Acting after Student Council protests revealed dust filled corridors and rooms in Claverly Hall currently under alterations, Dean Bender announced last night that students there would be transferred to the Yard for the rest of the term.
Dean Bender said that the final decision as to where the 61 Claverly tenants are to be moved would be taken this afternoon following a meeting of the deans. The question of whether the moving is to be compulsory will also be decided at this conclave, he said.
An investigation of the possible rooms for the displaced was being made by Delmar Leighton '19, Dean of Freshmen, and a representative of the undergraduate housing office, he said.
Notification of the Dean's decision will be given Claverly tenants by this evening, according to Dean Bender, who stated that any new room contracts would be checked through Lehman Hall for discrepancies.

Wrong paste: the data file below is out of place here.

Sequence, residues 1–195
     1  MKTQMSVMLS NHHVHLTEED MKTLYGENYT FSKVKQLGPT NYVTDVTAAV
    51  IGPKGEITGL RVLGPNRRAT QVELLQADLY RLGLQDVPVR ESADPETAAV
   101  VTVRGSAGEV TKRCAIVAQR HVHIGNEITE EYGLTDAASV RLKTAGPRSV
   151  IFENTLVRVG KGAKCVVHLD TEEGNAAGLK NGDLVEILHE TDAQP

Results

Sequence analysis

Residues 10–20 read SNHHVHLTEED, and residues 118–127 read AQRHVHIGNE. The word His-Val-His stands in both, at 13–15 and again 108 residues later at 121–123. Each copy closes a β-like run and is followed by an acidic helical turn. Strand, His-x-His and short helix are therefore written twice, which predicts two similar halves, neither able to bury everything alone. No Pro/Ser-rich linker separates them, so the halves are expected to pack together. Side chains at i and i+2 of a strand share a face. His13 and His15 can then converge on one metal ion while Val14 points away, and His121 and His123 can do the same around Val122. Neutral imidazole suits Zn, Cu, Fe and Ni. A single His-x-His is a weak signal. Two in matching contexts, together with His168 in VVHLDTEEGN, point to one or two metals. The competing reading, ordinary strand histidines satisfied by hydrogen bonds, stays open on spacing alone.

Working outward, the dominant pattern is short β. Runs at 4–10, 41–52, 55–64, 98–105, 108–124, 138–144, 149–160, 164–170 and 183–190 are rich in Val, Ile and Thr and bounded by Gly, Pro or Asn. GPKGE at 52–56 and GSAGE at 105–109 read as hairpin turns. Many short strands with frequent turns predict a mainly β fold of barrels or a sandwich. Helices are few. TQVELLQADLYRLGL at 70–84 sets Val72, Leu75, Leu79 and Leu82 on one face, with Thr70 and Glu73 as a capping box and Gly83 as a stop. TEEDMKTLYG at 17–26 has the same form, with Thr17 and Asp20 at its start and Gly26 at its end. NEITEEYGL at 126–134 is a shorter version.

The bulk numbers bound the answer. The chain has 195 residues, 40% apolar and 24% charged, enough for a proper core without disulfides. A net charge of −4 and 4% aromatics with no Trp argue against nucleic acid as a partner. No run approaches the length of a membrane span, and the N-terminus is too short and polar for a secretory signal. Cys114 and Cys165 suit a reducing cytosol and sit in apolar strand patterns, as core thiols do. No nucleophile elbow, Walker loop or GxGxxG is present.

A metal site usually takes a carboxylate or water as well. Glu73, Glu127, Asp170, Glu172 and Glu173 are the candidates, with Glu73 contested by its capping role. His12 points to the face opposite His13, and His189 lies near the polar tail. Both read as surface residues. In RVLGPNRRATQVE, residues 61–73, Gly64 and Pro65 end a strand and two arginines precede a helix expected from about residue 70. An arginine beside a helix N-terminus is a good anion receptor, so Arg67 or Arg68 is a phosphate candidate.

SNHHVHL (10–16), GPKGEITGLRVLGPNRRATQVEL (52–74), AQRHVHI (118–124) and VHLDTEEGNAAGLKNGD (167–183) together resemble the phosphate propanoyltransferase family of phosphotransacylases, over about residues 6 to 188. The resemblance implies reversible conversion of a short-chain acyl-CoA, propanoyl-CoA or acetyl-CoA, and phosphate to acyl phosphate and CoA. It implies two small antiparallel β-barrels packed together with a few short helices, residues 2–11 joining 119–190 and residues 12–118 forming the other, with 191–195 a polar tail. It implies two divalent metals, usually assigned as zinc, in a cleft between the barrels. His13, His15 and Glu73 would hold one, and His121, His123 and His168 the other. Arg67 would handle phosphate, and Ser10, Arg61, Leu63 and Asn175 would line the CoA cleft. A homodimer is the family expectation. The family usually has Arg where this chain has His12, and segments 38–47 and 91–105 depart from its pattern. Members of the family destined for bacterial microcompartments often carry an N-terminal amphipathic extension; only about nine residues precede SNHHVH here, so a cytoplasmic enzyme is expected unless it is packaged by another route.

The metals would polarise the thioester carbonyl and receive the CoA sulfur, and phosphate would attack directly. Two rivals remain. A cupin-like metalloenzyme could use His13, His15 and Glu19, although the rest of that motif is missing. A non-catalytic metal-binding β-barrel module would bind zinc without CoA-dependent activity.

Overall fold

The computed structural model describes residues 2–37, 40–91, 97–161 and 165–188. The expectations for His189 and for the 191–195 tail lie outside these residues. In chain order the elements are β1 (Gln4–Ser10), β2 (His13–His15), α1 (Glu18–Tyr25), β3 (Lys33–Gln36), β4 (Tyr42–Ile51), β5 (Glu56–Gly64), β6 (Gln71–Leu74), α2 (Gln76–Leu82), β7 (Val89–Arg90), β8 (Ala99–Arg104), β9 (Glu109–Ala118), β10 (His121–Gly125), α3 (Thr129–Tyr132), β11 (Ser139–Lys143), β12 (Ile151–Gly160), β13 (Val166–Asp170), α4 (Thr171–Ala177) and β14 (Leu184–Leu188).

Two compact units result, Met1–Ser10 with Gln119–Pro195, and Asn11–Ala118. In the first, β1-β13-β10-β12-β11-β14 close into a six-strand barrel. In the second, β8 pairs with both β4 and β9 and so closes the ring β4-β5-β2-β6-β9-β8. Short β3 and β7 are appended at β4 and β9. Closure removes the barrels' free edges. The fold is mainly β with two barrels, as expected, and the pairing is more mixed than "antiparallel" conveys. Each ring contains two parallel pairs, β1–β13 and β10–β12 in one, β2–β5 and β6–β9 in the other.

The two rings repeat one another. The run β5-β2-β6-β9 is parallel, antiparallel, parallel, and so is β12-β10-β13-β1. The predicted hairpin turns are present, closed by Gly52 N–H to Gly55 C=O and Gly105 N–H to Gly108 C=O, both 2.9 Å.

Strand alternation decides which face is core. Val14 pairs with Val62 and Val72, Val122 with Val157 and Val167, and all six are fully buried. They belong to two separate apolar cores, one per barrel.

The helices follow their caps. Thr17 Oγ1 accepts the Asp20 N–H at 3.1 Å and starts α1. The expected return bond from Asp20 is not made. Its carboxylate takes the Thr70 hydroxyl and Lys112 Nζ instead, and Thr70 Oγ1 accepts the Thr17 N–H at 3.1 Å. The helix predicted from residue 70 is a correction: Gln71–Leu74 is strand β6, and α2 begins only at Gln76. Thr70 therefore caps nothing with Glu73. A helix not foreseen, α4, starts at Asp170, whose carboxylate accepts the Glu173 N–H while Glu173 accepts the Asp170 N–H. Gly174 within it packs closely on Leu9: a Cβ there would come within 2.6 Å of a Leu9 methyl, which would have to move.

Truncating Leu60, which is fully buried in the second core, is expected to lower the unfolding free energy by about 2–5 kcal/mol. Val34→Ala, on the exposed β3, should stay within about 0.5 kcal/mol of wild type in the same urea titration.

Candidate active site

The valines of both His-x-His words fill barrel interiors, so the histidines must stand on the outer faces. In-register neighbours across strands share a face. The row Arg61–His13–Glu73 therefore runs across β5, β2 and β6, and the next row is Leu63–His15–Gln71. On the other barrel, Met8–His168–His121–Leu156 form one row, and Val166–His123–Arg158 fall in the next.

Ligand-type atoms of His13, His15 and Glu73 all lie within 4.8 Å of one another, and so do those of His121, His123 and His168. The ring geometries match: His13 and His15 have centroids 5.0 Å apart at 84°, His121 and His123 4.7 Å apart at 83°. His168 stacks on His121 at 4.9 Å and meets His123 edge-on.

Conditions in Claverly Hall were first brought to light when a group of Claverly residents protested to Patrick D. Dailey '50, of the Student Council, who talked with Dean Bender yesterday.
Describing the dust filled air as "stifling," Herman Page '50 said that it was impossible to keep the rooms clean. Covering everything is a layer of fine plaster, he added.
Joseph O'Connor, the janitor, also agreed that as long as work continued keeping the building free from dust was impossible.
Joining Page in the protest were Richard Bobear '50, James L. Elam '50, James W. Kuhn '50, and Frank E. Fite, Jr. '50, who asked for new rooms while the work was in progress.
Started originally as a minor plastering job, work really began in earnest when workmen discovered that the 54 year old building was badly sagging. Instead of putting on the plaster, men equipped with wrecking bars changed to ripping it off to get at the walls.
In order to get to rooms during the day students have been forced to wade through piles of plaster and laths sometimes six inches high.
In spite of the precautions of the workmen and the diligence of the maids the dust soops into the rooms and is tracked onto the rugs, Page said.